• Quite frankly, I find this "'victory" to be a debatable one and of significantly less importance than many of the more important battles we are facing and NOT winning. Why are we as physical therapists infringing upon the practice of licensed acupuncturists who are better trained for this type of intervention and generally perform it at a much more skilled, sophisticated, and appropriate level? From an ethical standpoint in particular, is it right for us to take from acupuncturists what is rightfully theirs? How would we like it if other practitioners infringed upon the practice of physical therapy? Oh yeah ... I forgot ... they already are. Massage therapists are doing posture and movement training, performing joint work, using modalities, etc. and are largely unopposed by PTs. Personal trainers are doing medical rehabilitation, soft tissue work with instruments, movement training, etc. and again, are largely unopposed by PTs. Ditto with a host of others including those who dabble in a little touchy feely bodywork, a little yoga and Pilates training, a little ad hoc posture and body mechanics training, a little improvisational ergonomics training, and a little psychobabble life coaching and have no state license in any of these areas but function as de facto licenseless and degreeless PTs without having to pay for a degree, a license, or any continuing education. THIS is where the battle should be fought and the victory obtained. We're losing bits and pieces left and right of what is the foundation of PT with nary a complaint from the APTA while battling for the dubious right to function in an area that is not rightfully ours. Is this foolish or what? And I won't even get into the battles with insurance companies that have ridden roughshod over us for years such as UnitedHealthcare. Winning battles in scope of practice does little good if we are paid progressively less and less for that practice.

      Posted by Brian Miller on 3/15/2019 9:54 PM

    • I am a patient, recently treated with dry needling for a right shoulder ailment/injury. I was very pleasantly surprised with the almost immediate relief. I am equally surprised by Jan Kuiper's comment. Jan seems angry and uninformed. In the right hands of the right PT, this treatment is the real deal! It is also NOT accupunture. It does hurt at the time of treatment. Go to #One on One PT in Charlotte for a more educated and experienced opinion.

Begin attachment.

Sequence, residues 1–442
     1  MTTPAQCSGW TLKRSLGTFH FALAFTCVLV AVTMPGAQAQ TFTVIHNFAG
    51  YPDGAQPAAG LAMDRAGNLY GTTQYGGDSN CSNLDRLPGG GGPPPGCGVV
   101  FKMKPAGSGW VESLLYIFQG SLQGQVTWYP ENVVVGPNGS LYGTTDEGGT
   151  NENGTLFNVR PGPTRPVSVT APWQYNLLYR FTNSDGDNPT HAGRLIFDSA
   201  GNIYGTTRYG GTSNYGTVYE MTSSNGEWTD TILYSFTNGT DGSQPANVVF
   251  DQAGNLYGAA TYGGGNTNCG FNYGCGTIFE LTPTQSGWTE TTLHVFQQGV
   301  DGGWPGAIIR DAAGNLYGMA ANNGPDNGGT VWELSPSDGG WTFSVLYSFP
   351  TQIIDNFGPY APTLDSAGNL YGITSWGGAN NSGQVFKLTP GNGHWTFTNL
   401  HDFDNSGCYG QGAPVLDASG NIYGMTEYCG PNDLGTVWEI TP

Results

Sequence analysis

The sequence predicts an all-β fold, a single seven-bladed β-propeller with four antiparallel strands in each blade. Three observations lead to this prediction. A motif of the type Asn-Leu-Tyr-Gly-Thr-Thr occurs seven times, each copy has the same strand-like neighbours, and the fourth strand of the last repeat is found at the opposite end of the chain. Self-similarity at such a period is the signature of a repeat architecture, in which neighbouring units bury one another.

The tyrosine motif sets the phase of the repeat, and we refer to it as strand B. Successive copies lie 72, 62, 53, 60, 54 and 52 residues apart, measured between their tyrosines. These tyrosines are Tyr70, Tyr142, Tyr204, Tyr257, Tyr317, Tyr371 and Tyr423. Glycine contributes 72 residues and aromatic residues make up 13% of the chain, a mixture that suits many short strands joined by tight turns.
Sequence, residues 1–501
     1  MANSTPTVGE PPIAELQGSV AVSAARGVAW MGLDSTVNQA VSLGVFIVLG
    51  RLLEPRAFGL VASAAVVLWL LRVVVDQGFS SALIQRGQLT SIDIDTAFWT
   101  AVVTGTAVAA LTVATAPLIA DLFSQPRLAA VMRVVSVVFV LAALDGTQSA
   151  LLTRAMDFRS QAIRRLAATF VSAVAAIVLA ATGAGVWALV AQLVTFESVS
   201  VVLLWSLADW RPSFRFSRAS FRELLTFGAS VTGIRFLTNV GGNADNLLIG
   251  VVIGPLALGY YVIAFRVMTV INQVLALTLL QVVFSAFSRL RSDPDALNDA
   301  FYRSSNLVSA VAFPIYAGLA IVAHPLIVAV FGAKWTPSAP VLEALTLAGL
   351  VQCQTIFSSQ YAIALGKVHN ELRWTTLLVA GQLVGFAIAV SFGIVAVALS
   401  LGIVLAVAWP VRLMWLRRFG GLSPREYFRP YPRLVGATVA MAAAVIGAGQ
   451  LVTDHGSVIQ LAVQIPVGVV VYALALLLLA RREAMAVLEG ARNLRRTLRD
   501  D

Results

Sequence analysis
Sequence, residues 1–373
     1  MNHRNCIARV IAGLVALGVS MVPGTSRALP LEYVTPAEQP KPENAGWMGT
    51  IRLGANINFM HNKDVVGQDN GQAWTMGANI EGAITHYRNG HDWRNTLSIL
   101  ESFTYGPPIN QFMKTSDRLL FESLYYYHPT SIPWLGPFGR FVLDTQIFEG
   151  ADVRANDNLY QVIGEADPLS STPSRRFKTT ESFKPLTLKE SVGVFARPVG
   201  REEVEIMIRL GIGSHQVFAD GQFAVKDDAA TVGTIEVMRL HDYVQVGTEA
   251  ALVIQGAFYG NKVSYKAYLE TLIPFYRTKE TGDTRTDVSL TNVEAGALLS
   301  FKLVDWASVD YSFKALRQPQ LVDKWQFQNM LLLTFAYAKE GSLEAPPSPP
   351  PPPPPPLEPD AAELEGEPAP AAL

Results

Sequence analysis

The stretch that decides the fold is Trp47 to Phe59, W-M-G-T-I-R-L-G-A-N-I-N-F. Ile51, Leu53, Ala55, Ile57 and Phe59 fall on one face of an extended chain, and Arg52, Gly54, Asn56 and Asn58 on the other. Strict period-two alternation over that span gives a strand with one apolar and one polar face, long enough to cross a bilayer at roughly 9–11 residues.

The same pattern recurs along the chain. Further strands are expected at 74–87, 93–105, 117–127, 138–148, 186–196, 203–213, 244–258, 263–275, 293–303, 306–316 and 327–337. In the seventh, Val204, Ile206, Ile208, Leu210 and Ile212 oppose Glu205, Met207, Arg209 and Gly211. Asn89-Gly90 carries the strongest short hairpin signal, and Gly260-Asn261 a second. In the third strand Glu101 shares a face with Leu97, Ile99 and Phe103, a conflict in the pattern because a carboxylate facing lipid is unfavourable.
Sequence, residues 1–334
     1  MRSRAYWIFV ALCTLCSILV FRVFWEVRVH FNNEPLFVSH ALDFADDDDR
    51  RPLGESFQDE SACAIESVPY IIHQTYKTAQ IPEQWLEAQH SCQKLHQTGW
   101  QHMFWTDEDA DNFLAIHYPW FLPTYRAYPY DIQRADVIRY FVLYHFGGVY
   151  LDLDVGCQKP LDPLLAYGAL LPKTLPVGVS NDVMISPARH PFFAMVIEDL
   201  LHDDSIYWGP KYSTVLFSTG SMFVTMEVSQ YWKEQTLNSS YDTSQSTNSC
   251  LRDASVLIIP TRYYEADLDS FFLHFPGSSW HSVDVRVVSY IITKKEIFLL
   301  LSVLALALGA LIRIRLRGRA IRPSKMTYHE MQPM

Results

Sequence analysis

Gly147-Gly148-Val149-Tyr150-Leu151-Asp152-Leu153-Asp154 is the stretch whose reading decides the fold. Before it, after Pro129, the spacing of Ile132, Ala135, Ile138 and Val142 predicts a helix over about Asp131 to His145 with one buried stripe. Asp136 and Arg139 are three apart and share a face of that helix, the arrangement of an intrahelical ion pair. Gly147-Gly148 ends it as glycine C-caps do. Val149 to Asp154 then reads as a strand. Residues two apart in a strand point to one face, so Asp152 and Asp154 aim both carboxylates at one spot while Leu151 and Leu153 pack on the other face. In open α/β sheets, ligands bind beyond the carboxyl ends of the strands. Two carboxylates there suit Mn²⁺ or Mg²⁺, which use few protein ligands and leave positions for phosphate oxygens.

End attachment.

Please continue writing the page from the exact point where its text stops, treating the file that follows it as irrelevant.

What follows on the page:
Posted by Daniel J Hogan on 3/18/2019 12:38 PM

    • Congratulations to the North Carolina Physical Therapists. IAAPT, the International Acupuncture Association of Physical Therapists, is the acupuncture and related needling therapies (including dry needling) sub-group of the World Confederation of Physical Therapists. We represent physical therapists/physiotherapists practicing filiform needle-related therapies to complement other physio-therapeutic treatment practices. Different countries have different legislative standards, hence worldwide many physical therapists practice acupuncture from a classical/traditional and/or western medical/biomedical and/or trigger point dry needling perspective. Our members are united in promoting needle-related education and practices, and research/evidence-based literature to complement physical therapy. We value the benefits that needling therapies can bring to enhance patient outcomes, whether from a traditional Chinese, Western medical and/or dry needling paradigm. If IAAPT can assist members of the APTA in any way, including joining IAAPT, we ask leaders of a unified dry needling special interest group within your association to please contact secretary@iaapt.wcpt.org.

      Posted by Susan Kohut on 3/21/2019 3:42 AM